I was drawn to Unusual Games’ management game, Two Weeks in Painland, due the comic book style and overall concept that has you spying on criminals in order to learn how to keep them happy. Basically, you’re a hacker who’s blackmailed into managing a mafia lord’s gang while he goes on a two-week vacation. You do so by listening in on their conversations so that when resumes come in from people looking to join the gang, you know which lieutenant you give them to. It sounds great in theory, and there’s actually a lot to like about it, even if the humor doesn’t always land for me. But I have several issues with the iOS port that make it hard to enjoy the game. First off, text is sometimes very small and hard to read, despite having plenty of room to spread things out. The “desktop” just isn’t utilized well. But even worse is the fact that when the lieutenants are having conversations, the comic-book style text bubbles appear in a very narrow window that you scroll up and down by touching on the text bubbles. You can’t swipe on the image to the right of it, so instead you’re covering part of the text. It’s also really awkward to reach my thumb over there instead of being able to rest it closer to the edge of my iPad. But it also means I’m reading a little text at a time and spending so much time scrolling. I’m more focused on the actual act of scrolling than on the text I’m reading. That means I don’t really absorb it. And that’s a problem, because you’re quizzed at the end on what you read, and if you get it wrong you miss out on revealing the lieutenant’s traits. So I like the idea of the game and I think it has a lot going for it, but this port’s UI needs some work, at least on an iPad. A nice big intimate touchscreen should be the best way to play a game like this, but instead it just feels awkward a lot of the time. I hope it gets an update to deal with these issues. But either way, the game is free to try with the one-time purchase to unlock the rest of the game, so see for yourself if it’s something you might like.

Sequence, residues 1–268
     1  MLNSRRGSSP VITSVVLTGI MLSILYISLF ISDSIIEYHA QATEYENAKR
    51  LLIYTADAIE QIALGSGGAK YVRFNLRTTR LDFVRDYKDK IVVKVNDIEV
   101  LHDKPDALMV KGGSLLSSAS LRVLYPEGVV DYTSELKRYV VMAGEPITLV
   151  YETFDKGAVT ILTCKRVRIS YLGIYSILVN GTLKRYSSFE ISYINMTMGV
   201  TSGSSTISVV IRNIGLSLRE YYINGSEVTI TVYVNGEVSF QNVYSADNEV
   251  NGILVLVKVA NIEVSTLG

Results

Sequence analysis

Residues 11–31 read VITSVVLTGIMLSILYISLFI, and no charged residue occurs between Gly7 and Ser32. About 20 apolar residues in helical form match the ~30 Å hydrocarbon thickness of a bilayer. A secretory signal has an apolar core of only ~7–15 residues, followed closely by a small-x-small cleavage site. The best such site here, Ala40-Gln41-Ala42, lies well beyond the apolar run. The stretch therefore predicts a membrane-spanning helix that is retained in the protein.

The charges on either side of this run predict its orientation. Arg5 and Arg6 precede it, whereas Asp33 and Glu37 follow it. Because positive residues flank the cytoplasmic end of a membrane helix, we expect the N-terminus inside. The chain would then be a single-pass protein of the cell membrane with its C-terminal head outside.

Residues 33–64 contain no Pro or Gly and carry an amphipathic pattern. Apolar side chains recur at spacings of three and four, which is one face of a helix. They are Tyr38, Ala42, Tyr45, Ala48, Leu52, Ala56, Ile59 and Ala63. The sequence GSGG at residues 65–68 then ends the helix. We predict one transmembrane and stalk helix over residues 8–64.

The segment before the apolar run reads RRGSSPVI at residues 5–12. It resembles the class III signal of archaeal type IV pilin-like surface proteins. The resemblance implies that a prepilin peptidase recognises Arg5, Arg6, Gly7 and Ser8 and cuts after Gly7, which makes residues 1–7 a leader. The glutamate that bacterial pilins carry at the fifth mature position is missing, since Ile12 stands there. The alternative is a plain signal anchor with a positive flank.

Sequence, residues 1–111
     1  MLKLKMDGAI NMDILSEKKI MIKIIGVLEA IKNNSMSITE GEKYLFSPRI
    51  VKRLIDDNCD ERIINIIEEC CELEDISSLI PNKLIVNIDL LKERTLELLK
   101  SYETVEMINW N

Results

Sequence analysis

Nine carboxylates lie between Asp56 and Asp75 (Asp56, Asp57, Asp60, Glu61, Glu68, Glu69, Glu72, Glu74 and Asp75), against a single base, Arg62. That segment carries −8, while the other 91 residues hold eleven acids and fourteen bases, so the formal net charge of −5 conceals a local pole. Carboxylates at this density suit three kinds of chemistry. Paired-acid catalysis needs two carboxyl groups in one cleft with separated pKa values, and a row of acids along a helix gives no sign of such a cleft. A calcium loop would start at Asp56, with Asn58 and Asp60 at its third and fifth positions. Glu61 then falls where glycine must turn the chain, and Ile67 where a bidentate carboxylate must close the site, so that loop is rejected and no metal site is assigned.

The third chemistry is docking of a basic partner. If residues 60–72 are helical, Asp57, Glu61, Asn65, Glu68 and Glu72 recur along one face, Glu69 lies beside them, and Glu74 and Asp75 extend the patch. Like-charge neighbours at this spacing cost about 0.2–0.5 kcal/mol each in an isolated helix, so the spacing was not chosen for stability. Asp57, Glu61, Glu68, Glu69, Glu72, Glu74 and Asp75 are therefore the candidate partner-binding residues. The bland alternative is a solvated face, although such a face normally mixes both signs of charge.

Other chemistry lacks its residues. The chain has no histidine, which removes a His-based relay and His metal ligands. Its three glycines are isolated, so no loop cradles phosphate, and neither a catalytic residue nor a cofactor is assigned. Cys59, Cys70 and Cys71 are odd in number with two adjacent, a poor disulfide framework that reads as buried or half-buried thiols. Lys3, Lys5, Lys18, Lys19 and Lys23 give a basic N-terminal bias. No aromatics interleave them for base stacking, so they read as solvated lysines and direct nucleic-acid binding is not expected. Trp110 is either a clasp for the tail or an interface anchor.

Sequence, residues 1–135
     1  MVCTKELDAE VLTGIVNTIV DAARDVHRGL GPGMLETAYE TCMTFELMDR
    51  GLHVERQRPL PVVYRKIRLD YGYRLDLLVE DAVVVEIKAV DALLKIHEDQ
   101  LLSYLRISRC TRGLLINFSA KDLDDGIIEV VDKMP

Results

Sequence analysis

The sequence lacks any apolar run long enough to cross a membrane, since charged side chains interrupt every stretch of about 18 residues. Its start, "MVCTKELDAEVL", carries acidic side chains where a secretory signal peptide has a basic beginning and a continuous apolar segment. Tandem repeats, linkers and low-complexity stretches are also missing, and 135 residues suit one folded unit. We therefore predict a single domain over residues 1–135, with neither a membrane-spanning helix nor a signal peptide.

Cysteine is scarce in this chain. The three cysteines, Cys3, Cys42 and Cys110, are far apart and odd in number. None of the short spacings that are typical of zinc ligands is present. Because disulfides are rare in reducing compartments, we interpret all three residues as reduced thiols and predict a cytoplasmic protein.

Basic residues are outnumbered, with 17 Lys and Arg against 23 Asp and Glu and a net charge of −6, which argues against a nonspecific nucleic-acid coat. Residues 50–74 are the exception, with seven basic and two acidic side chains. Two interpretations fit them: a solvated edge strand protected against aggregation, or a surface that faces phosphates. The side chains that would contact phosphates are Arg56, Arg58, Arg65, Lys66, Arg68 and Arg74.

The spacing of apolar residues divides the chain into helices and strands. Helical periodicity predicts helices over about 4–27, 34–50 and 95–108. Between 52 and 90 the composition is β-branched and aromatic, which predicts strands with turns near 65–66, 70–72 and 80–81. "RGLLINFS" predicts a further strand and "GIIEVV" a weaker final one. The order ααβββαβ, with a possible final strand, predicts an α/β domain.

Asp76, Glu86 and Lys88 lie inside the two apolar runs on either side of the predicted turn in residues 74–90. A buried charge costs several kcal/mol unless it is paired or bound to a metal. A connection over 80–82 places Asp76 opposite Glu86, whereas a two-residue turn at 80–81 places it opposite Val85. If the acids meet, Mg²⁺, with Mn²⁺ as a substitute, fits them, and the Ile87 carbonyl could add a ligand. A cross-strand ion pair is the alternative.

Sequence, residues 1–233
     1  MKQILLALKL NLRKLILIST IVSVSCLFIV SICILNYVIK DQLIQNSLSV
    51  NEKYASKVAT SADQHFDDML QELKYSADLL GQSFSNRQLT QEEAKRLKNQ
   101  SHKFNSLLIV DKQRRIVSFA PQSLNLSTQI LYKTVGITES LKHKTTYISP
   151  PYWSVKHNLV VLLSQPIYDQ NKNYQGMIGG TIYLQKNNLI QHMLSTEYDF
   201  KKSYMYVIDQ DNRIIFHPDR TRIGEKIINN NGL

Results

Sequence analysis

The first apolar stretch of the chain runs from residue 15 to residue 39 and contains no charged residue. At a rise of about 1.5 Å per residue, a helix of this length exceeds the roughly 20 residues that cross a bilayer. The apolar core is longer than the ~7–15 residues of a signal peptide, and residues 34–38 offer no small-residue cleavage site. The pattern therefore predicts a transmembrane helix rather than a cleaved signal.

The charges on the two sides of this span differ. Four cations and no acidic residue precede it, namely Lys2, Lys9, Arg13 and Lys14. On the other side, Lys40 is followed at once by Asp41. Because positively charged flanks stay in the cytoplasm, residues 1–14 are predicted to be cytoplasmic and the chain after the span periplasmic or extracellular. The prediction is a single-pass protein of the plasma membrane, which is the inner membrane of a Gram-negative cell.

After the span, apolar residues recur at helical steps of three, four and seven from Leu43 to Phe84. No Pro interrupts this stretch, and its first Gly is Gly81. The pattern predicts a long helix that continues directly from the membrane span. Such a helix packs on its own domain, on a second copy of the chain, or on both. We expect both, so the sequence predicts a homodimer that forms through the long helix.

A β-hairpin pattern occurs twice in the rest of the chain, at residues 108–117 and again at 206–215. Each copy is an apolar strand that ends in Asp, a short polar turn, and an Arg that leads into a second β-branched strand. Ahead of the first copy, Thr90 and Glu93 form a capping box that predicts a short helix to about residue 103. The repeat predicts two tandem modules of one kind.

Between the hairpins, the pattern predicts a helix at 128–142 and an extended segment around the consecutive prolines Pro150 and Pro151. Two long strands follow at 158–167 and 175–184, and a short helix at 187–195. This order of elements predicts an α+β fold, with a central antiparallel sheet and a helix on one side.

Michal Barszczewski’s puzzler, Cubether, is another game I previewed last week but is now out for everyone to enjoy. I played a few more levels and I’m still very impressed with it. I just got to a new mechanic where you press a button to flip some tiles over, and it adds a whole extra layer of complexity. It’s quite a challenging game and each level takes time to solve, so I don’t think I’ll be finishing the 100+ levels anytime soon. But I plan to keep chipping away at it. I would like to see an undo button added, but so far the lack of it isn’t a dealbreaker. Anyway, if you’re a puzzle fan, Cubether should keep you busy for quite a while. I recommend watching some of my gameplay videos to see what it’s like.

Totally Reliable Delivery Service

tinyBuild’s wonky physics game, Totally Reliable Delivery Service, released on several platforms this week, including iOS. I’m not usually a fan of games that feature awkward controls and silly physics, but I wanted to give it a try anyway. And it’s as bad as I feared. Your two arms are each separated into their own onscreen buttons, as are your two hands. You need to use them to pick up and move packages, eventually delivering them to where they need to be. But even if I could manage that, the joystick and camera are terrible. I’m pretty sure it’s intentional, but I don’t enjoy having to fight my character to make him go where I want. Nothing about it is appealing enough to me to make me want to try and get good at it. But it’s free to try, so go ahead. I supposed it’s good for a few laughs.

Rainmaker: The Beautiful Flood